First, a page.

Objective Assessment of Erythema and Pigmentation of Melasma Lesions and Surrounding Areas in Long-Term Management Regimens With Triple Combination
April 2014 | Volume 13 | Issue 4 | Original Article | 444 | Copyright © April 2014
Doris Hexsel MD,a,b Mariana Soirefmann MD MsC,a,b Juliana Dumêt Fernandes MD PhD,c and Carolina Siega BSca
aBrazilian Center for Studies in Dermatology, Porto Alegre, RS, Brazil bDepartment of Dermatology, Pontificia Universidade Catolica do Rio Grande do Sul, Porto Alegre, RS, Brazil cUniversidade Federal da Bahia (UFBA), Salvador, BA, Brazil
BACKGROUND: Melasma has a negative impact on quality of life since it typically occurs on the face.
OBJECTIVES: To evaluate the erythema and pigmentation of melasma lesions and the surrounding areas in patients receiving triple combination (TC: hydroquinone, tretinoin, and fluocinolone acetonide) regimens.
METHODS: Patients first received an 8-week daily TC treatment and were then randomized to twice weekly or tapering regimen with TC. Melanin and erythema levels of lesions and surrounding areas were objectively measured using a narrowband reflectance spectrophotometer.
RESULTS: Progressive reduction in the mean melanin levels was observed in the treatment phase. Following both maintenance regimens, there was no difference between melanin levels in the melasma lesions. Adverse effects were rare in both phases of the study and there was borderline reduction in erythema with regimen II.
CONCLUSION: Both maintenance regimens were effective in maintaining results obtained during the initial treatment phase, and were safe and well-tolerated. Erythema was less intense with the tapering regimen. J Drugs Dermatol.
Melasma is a cutaneous pigmentation condition affecting predominantly women. It is a highly prevalent condition observed by dermatologists,1 as it is a chronic disorder to which the therapeutic response is difficult to predict.2 Lesions are mainly located on the face and therefore the disease has a great negative impact on the quality of life of the patients. Traditional single-drug based treatments, including depigmenting agents (hydroquinone, azelaic acid, and others), chemical peels, and glycolic acid are commonly used. These therapies have partial and not curative effects, once relapses can happen, especially during summer.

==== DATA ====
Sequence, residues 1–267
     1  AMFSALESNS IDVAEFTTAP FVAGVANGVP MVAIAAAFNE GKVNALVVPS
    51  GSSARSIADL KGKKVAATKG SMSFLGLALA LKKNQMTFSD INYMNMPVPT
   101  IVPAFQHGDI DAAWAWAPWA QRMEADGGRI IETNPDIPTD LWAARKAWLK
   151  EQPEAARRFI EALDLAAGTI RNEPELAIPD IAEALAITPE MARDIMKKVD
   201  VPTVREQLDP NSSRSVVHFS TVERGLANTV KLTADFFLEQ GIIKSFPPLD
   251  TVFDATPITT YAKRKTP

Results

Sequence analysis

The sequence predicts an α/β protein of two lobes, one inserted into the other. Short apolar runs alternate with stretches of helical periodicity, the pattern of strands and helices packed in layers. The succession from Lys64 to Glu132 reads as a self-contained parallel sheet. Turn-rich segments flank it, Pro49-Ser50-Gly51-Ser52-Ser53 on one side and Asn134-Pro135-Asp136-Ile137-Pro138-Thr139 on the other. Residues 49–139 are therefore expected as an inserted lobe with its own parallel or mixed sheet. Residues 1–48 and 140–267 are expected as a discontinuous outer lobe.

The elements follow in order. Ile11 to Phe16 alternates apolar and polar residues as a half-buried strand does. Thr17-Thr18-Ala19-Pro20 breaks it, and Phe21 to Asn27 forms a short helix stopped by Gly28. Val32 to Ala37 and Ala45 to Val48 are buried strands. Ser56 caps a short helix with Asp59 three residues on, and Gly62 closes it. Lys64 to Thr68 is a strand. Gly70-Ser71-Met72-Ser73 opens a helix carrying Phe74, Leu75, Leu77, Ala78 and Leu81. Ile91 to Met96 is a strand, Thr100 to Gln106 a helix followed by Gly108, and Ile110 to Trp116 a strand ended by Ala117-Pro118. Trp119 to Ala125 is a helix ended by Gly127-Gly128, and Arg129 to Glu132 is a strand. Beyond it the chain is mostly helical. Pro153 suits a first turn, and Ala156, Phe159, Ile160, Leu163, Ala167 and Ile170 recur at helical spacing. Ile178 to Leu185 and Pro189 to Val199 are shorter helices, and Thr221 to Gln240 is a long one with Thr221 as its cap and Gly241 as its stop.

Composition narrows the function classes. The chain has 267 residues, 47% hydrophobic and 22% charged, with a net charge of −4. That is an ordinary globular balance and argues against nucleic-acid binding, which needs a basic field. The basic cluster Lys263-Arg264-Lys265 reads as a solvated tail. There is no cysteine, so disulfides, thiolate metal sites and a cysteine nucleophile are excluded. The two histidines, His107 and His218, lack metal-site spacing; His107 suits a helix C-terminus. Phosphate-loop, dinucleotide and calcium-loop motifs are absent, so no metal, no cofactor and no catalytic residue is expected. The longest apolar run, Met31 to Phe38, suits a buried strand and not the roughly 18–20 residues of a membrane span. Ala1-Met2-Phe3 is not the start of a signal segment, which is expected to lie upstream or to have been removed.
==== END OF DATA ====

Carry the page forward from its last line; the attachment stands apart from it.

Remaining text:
Triple combination (TC) cream, which includes hydroquinone (HQ), tretinoin, and fluocinolone acetonide (FA) is considered as one of the most effective treatments for melasma, in association with photoprotection.2-5 Originally described by Kligman6 in 1975, the formula was composed of hydroquinone 5%, tretinoin 0.1% and dexamethasone 0.1%, and has been studied and modified several times. Currently, the TC cream with FA 0.01%, HQ 4%, and tretinoin 0.05% (TriLuma™, Galderma, Switzerland) is the most widely used combination.2 The most effective depigmenting agent is considered to be HQ. Tretinoin not only has a depigmenting effect, but also is considered as the gold standard for photodamage therapy,7 and FA is a corticosteroid that exerts an anti-inflammatory action and suppresses melanin secretion while minimizing the adverse effects of the retinoids.
One study demonstrated better treatment outcomes of TC compared to double combinations, such as HQ + tretinoin, HQ + FA, and tretinoin + FA, with total or near total lesion clearance in the clinical evaluation.3 Mild to moderate adverse events were observed, the most common ones being erythema, flaking, and burning.3-5 Another study included 797 patients, only 2 of which who had used the medication for more than 6 months reported mild skin atrophy.5 The severity of melasma is traditionally evaluated using Melasma Area and Severity Index (MASI) scores. However, great inter-rater differences have been reported,8 highlighting the need for reliable objective assessments for melasma severity. Narrowband reflectance spectrophotometer is considered a sensitive, reproducible and specific method for objective measurements of skin color.9,10 It is a fast, inexpensive, and easy-to-use tool, capable of evaluating two particularly important components responsible for skin color in melasma: melanin and erythema.11